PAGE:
(At this point, Pallister, a voracious reader, is asked what books he’s reading presently. The premier walks over to his desk and produces a dogged-eared copy of A Sand County Almanac (1949), written by Aldo Leopold, prominent U.S. conservationist and philosopher in the first half of the 20th century who is considered the father of environmental ethics. In his early years, Pallister explains, Leopold was hired to hunt wolves that were killing deer on the side of a mountain side.)
Pallister: And he’s good at it. He kills a bunch of wolves. So the rabbit population (exploded). And the rabbits eat all the undergrowth.
Then the rains come and erode the side of the mountain. He (Leopold) says, "You’ve got to stop thinking short term. You have to start thinking like a mountain."
Cool. Think like a mountain.
FP: Have you used that?
Pallister: When I’m convincing staff that we have to not do things that are just popular.
(More Pallister philosophy: the 10 Commandments are instructed ethics. Do these things. The Golden Rule requires you to think. Treat others how you’d like to be treated. You have to think about that.)
Pallister: Back to our theme here, it’s to ask yourself, not just what is the easy thing. My brother and I fought like tigers when we were kids, over any little thing. And as we get older we just tell each other the truth and respect it. We’ve become good friends and advisers because of that.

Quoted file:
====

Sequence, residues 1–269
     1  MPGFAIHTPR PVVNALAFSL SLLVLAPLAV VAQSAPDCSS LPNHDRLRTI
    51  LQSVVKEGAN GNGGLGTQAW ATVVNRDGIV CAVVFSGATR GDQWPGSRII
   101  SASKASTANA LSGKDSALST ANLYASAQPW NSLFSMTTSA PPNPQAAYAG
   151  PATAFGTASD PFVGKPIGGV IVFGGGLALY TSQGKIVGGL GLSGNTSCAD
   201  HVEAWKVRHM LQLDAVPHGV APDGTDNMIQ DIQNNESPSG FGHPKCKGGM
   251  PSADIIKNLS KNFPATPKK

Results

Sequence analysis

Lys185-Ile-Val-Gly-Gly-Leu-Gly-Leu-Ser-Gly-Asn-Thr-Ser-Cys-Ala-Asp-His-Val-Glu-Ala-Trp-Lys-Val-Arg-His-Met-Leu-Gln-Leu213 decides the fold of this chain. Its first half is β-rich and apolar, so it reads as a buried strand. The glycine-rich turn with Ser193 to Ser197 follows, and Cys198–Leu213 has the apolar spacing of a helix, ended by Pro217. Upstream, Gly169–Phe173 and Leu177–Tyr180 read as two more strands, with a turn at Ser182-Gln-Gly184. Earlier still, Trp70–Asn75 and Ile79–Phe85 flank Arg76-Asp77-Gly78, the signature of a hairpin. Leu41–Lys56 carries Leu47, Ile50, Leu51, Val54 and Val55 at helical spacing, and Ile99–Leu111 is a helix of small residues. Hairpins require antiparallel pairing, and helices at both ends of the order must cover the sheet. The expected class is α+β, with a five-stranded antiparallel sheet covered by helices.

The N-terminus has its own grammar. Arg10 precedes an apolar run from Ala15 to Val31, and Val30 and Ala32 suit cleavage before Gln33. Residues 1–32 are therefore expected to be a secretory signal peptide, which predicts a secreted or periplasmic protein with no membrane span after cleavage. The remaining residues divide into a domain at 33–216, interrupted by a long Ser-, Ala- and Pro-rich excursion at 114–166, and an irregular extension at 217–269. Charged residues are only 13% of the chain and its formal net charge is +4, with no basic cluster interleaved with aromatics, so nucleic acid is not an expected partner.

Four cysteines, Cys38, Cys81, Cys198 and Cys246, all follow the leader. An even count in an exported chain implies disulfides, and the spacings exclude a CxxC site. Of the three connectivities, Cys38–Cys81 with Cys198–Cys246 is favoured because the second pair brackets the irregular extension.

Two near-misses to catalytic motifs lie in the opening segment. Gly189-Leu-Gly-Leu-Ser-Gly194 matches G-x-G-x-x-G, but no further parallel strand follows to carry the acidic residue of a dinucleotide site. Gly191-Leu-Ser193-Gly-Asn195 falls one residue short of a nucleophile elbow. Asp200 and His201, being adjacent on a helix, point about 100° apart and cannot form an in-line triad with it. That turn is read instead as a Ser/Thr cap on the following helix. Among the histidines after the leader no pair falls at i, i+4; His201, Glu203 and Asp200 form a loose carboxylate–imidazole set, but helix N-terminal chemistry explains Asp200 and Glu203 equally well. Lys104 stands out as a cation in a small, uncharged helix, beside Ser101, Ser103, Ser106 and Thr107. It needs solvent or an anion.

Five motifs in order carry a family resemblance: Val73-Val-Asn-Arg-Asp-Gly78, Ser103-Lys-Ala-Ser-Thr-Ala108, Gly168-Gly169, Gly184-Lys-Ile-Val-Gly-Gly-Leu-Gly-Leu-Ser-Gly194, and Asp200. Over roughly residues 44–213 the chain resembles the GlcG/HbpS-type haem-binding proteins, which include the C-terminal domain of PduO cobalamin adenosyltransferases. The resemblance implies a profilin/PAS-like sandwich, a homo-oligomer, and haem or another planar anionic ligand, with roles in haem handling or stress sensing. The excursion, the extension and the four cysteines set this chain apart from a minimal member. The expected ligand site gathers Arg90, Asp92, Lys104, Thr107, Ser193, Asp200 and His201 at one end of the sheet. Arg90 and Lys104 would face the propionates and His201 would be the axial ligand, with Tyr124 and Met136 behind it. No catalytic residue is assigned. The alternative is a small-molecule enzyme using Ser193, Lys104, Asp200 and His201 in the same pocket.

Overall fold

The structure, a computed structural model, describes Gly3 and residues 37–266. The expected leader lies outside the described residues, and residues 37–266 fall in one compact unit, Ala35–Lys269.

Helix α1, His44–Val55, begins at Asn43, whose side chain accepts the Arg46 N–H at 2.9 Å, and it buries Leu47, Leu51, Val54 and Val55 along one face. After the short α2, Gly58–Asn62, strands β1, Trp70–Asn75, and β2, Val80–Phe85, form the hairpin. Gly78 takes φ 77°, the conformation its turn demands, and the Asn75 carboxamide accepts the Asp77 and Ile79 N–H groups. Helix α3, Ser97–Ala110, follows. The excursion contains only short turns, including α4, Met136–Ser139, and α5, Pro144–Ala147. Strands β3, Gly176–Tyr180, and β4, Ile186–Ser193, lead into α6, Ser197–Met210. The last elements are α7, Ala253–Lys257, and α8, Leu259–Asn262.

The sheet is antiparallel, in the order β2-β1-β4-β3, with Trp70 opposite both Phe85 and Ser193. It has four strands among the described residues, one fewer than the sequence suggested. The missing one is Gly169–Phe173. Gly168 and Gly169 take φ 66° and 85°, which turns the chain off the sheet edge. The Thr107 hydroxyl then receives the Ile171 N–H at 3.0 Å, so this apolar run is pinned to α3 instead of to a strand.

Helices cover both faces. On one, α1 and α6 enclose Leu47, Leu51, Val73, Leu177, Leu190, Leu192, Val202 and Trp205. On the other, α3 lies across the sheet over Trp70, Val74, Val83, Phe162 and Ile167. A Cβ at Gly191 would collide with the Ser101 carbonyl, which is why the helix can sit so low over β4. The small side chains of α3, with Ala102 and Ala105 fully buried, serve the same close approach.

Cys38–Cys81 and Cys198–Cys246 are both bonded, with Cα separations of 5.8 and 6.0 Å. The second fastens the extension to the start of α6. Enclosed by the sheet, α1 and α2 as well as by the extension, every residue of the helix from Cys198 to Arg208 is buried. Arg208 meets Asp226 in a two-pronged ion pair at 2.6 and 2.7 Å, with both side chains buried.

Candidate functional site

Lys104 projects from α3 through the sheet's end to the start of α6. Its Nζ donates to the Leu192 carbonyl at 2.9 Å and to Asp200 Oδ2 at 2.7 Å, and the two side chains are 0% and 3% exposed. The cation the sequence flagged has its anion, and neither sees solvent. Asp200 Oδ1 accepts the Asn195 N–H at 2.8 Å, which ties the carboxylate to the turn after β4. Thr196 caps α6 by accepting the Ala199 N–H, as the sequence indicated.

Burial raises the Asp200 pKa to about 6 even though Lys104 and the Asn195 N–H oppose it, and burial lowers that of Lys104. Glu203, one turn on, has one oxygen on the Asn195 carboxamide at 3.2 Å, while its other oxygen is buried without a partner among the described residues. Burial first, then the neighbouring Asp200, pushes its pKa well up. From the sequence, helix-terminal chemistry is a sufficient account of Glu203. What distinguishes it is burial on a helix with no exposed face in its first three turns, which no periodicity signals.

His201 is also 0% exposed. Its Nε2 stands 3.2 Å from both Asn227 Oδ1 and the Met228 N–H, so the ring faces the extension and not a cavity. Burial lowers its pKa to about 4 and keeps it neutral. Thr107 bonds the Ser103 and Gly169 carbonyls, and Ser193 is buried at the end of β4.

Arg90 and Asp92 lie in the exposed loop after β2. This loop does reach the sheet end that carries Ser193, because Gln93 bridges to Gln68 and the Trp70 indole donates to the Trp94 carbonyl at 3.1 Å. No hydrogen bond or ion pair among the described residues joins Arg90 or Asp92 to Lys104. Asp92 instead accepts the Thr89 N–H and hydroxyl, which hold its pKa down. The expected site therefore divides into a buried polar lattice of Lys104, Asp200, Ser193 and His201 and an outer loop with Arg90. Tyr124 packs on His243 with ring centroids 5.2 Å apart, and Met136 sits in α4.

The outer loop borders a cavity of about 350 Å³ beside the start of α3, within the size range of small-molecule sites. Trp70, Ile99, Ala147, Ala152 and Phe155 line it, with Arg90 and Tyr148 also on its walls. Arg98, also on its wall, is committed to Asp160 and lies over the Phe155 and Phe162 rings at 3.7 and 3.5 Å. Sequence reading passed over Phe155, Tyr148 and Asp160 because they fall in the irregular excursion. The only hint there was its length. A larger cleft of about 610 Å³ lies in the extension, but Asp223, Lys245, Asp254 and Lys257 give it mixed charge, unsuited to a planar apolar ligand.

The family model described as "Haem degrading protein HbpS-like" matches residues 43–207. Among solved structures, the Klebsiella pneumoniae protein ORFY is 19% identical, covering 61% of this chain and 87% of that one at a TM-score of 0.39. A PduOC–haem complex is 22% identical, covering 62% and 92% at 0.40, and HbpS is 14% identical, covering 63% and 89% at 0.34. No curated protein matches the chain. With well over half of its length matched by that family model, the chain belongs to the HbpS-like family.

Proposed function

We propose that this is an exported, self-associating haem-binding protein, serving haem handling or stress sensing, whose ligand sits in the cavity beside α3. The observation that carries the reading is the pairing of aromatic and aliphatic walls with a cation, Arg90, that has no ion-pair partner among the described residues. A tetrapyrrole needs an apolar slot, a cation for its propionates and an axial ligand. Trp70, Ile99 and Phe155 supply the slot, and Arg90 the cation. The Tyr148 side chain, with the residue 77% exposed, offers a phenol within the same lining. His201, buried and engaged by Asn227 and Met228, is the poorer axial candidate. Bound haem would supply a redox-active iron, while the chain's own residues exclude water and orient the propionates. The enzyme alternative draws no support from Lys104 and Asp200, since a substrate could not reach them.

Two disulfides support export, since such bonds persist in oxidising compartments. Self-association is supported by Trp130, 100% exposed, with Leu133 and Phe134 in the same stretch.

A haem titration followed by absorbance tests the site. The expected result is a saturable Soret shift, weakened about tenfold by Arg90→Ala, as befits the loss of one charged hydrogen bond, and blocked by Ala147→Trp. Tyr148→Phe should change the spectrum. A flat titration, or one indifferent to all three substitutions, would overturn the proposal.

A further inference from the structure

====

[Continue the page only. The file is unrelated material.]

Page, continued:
Your friend isn’t the person who just nods their head when you do something wrong, or what they perceive to be wrong. A friend says, "Did you think about that?" And holds up a mirror to your face and says, "Do you like what you see right now?"
That’s a friend. But I didn’t define friends like that when I was a young man.
FP: A lot of your pursuits are solitary: hiking, biking, going to movies alone. Why?
Pallister: (whose next book to read is Solitude: A Singular Life in a Crowded World, by Vancouver author Michael Harris) I used to fill my time with work, and I still do.
But I need and I get a lot of joy out of the flip of that. Just being alone, walking in nature. Just reflecting. I think it’s the old law of scarcity gives value, too.
I think everybody needs balance and this is not a balanced life. Sitting too much, thinking too much. Too many meetings. Too much negativity.
But you have to recognize them as realities and counter with your own adjustments, right?
FP: So, what’s it like to be Brian Pallister in public these days? You’re not a Winnipeg Blue Bombers or Winnipeg Jets player. Nobody is picking up your meal tab in restaurants.
Pallister: I didn’t get into politics for the adulation, but I will tell you two contrasting events.